Japan is beginning to lag noticeably behind when it comes to LGBTQ rights such as adoption and marriage equality, but one region has taken a groundbreaking step forward by banning the outing of LGBTQ people against their will.
Last week (3 June), the governor of Mie Prefecture, a region located on the south coast of Honshu, Japan's biggest island, announced a ban on disclosing a person's sexual orientation or gender identity without their permission, Japan Today reports.
The ban, which forms part of larger anti-discrimination legislation, will also apply to extend to attempts to coerce someone into coming out against their will.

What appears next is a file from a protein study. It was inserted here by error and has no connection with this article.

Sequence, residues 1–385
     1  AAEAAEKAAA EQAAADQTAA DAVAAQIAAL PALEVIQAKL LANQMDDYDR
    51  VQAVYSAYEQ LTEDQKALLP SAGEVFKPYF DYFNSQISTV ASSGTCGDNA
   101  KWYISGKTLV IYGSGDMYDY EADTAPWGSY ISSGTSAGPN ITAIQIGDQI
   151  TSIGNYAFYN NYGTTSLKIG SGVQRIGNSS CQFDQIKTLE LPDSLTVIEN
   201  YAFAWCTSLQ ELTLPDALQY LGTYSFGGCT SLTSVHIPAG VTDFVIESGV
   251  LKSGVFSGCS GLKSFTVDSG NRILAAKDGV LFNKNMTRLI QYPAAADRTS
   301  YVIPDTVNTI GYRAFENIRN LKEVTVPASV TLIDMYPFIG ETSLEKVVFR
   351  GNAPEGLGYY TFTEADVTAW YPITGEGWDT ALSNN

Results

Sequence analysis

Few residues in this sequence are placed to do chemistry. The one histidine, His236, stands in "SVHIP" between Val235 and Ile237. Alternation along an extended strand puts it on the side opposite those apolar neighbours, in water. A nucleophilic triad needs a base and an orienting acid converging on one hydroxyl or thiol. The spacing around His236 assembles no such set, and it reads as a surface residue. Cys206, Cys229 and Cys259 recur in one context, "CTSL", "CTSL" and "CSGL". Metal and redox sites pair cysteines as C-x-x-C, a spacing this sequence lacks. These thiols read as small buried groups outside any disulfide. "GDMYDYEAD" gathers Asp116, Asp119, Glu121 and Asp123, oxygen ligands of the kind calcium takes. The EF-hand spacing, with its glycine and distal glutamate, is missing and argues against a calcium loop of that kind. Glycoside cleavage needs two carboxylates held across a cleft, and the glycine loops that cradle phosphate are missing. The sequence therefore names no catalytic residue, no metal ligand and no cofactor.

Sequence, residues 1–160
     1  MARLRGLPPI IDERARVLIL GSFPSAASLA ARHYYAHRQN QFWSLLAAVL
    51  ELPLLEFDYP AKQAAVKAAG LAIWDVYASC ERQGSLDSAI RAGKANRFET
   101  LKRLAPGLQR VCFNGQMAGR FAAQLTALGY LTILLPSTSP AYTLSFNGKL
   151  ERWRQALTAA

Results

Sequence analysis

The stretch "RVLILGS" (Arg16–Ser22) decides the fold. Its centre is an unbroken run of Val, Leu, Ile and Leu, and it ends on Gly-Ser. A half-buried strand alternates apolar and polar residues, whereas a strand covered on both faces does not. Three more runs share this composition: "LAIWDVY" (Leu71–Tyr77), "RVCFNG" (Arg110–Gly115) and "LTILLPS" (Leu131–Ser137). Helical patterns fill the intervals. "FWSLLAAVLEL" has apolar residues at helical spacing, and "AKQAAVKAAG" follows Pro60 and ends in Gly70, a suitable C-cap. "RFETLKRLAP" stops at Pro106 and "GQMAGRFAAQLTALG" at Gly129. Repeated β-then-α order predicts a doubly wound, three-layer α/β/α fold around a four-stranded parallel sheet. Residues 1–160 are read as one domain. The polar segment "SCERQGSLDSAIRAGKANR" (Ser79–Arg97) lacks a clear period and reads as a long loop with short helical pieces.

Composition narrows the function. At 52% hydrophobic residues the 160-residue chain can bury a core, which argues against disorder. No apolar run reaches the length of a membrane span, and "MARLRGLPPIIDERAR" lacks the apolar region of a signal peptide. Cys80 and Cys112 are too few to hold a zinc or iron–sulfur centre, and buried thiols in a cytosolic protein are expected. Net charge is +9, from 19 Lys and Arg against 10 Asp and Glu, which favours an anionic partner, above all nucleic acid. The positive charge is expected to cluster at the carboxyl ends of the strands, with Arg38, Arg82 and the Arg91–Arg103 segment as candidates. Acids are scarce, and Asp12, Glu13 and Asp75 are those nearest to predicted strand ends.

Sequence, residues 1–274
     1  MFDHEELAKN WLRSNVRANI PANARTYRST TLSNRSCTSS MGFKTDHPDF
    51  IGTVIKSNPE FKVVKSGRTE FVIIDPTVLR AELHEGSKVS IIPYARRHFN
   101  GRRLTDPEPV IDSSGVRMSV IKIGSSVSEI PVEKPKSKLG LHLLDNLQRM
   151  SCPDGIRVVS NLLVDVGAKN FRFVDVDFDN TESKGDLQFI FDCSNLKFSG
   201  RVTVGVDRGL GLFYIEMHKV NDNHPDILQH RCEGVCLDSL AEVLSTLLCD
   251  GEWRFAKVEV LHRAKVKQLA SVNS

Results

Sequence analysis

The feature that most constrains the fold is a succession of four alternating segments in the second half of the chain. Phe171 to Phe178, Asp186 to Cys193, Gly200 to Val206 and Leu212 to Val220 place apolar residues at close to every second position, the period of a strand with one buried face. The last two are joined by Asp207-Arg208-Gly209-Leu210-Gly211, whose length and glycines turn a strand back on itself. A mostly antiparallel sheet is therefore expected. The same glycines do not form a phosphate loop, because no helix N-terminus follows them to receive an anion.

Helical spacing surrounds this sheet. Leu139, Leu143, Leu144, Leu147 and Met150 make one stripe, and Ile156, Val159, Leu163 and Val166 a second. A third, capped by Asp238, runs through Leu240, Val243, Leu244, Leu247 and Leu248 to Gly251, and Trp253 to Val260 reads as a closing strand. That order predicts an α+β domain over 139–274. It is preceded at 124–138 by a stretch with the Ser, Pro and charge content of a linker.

While penalities have not yet been settled upon by legislators, governor Eikei Suzuki said that outing LGBTQ people against their will “can destabilize family and working relationships and drive people into isolation by disrupting their friendships and contact with other people.
He added: “We need to do more to create a society that cares for each other.”
While same-sex sexual activity has been legal in Japan since the laste 19th century, legislative progess has remained slow, despite rapidly increasing acceptance of LGBTQ people in Japanese society over the last few years.
Since 2017, some local authorities have begun offering 'partnership certificates' to same-sex couples: however, these are only symbolic and hold no legal status.